So, what does that mean for your leadership? It means that a critical skill you must master is ‘Holding the Space.’
Operating in a complex environment, per definition, means that the core challenge is uncertainty.
Depending on our personal temperament, we handle uncertainty very differently. For most of us, a bit of uncertainty is thrilling. It spices up our life. The butterflies in your stomach on a first date – who would have been without that. But, the ‘will I have food on the table tomorrow’ feeling – if you have tried that, is not something you are eager to repeat.
Uncertainty triggers fear
When overwhelmed by too much uncertainty, it triggers fear and, with that, our flight-fight-freeze response. As a consequence, only vital functions are operational. There are no resources left for creativity, problem-solving and all that good stuff that we desperately need more of to get out of the pickle we are in.
To minimise the unwanted side effects of uncertainty, the leader needs to make the team as comfortable as possible with the ‘not-knowing’.
You can’t do that with command and control, as tempting as it may be to channel the intensity of an action hero in the face of an unpredictable environment
Instead, you need the right combination of presence, candour and empathy. When you get that right, it comes across as ‘holding the space’.
And it makes a world of difference to the team.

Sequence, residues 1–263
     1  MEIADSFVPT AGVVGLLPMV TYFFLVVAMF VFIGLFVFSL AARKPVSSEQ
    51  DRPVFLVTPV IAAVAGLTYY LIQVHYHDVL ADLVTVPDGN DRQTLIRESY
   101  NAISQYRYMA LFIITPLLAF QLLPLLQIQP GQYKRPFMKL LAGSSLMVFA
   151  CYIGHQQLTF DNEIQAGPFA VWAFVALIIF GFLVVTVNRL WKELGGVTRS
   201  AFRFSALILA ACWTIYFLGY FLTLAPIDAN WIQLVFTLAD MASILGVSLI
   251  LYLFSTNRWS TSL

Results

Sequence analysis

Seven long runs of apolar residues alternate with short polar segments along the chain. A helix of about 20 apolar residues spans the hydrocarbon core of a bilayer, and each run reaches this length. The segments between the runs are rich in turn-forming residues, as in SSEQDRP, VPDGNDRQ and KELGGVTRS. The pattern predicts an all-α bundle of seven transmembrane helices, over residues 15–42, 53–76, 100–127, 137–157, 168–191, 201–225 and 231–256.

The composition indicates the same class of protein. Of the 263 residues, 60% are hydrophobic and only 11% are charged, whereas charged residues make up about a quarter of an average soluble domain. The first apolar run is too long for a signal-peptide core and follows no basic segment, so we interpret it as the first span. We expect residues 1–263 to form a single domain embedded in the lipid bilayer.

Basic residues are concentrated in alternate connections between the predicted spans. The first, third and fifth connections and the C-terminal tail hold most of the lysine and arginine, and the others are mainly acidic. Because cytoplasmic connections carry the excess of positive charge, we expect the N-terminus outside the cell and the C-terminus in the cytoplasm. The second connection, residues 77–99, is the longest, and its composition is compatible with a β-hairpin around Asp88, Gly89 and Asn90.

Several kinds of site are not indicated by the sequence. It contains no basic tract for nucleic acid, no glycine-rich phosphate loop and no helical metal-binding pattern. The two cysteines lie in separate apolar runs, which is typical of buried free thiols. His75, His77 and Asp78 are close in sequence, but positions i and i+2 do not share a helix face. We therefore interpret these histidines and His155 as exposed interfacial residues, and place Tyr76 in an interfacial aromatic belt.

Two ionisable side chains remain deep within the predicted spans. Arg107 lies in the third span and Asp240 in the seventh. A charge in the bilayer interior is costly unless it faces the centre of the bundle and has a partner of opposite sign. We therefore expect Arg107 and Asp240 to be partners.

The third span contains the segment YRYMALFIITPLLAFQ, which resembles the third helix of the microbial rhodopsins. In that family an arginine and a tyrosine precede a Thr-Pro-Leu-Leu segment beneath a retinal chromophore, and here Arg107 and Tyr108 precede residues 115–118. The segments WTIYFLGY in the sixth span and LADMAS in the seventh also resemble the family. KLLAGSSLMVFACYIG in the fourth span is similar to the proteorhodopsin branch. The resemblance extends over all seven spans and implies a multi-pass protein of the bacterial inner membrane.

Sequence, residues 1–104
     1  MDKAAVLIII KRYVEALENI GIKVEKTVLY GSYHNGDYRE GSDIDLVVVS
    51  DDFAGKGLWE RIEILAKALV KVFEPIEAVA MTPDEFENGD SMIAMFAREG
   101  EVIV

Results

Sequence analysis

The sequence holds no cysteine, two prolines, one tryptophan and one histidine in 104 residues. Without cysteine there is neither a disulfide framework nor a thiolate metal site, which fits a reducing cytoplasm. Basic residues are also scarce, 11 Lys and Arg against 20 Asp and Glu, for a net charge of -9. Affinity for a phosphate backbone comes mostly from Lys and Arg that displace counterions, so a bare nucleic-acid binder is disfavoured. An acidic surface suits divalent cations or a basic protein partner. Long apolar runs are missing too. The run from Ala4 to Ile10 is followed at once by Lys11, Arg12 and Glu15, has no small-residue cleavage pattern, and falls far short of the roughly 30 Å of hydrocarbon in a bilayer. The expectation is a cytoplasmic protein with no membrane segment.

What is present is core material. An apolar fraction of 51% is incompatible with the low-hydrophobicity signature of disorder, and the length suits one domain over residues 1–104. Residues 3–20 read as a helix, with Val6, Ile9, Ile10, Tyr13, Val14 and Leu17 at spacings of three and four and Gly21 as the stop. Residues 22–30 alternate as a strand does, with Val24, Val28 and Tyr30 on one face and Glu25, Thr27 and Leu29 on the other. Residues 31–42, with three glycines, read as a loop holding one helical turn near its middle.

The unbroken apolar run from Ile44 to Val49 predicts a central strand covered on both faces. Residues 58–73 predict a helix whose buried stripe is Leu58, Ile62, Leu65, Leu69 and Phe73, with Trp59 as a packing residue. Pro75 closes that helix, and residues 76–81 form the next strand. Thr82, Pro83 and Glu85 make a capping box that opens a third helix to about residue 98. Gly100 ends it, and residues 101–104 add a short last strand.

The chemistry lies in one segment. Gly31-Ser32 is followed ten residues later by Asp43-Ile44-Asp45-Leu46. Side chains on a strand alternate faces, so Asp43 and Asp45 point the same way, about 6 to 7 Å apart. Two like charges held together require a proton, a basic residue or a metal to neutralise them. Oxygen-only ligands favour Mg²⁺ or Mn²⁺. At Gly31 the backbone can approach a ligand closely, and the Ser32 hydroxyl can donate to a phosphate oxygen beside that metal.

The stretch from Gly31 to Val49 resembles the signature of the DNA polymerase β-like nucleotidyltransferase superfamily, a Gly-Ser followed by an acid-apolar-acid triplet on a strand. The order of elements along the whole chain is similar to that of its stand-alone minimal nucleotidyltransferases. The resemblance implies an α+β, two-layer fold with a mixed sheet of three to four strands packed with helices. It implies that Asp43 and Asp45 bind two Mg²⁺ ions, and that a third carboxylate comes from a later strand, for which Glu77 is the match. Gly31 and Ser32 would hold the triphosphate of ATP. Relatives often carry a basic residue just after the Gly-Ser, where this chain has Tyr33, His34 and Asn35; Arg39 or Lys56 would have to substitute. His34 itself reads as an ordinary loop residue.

Holding Space is what great facilitators do
Holding Space is a well-known term for facilitators of group processes and coaches. But just recently discovered that the term originates in child psychology.
One of my favourite leadership Gurus, Gianpiero Petriglieri, wrote a piece in the HBR ‘The Psychology Behind Effective Crisis Leadership“.
In it, he writes.
“It was Donald Winnicott, a pioneering British psychoanalyst, who first conceptualised ‘holding’. He observed that being held well was necessary for healthy growth in children. Parents who were available but not demanding, reassuring but not intrusive, responsive but not reactive, present even if not perfect, Winnicott observed, provided a “holding environment” that made children comfortable and curious. “
And so do skillfull leaders
The skilful leader holds Space by being totally present in the physical sense that she is not hiding – but out front where people can see and address her as much as possible. And when she engages with you, she is also mentally fully present. There are no wishy-washy answers to tricky questions – if she doesn’t know, she will say: I don’t know.
It is all about total transparency and candour – combined with empathy. (Empathy involves making ‘space’ for the many different ways people will experience a threatening situation.)
The direct result of holding Space well is that the team becomes gradually more comfortable with operating in uncertainty – and that, my friends, is the first crucial step if you want to get our feet back on dry land eventually.